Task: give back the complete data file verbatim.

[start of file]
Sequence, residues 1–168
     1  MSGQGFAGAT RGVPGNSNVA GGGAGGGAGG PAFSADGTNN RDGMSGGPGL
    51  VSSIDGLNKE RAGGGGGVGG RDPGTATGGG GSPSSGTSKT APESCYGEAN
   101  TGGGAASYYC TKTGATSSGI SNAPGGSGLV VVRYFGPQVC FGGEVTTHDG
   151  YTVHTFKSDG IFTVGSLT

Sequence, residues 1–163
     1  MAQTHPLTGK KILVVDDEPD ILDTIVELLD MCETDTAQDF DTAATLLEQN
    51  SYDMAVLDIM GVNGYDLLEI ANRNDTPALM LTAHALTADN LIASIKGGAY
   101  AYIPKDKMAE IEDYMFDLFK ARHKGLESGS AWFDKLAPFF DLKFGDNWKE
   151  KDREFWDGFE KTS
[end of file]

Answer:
Sequence, residues 1–168
     1  MSGQGFAGAT RGVPGNSNVA GGGAGGGAGG PAFSADGTNN RDGMSGGPGL
    51  VSSIDGLNKE RAGGGGGVGG RDPGTATGGG GSPSSGTSKT APESCYGEAN
   101  TGGGAASYYC TKTGATSSGI SNAPGGSGLV VVRYFGPQVC FGGEVTTHDG
   151  YTVHTFKSDG IFTVGSLT

Sequence, residues 1–163
     1  MAQTHPLTGK KILVVDDEPD ILDTIVELLD MCETDTAQDF DTAATLLEQN
    51  SYDMAVLDIM GVNGYDLLEI ANRNDTPALM LTAHALTADN LIASIKGGAY
   101  AYIPKDKMAE IEDYMFDLFK ARHKGLESGS AWFDKLAPFF DLKFGDNWKE
   151  KDREFWDGFE KTS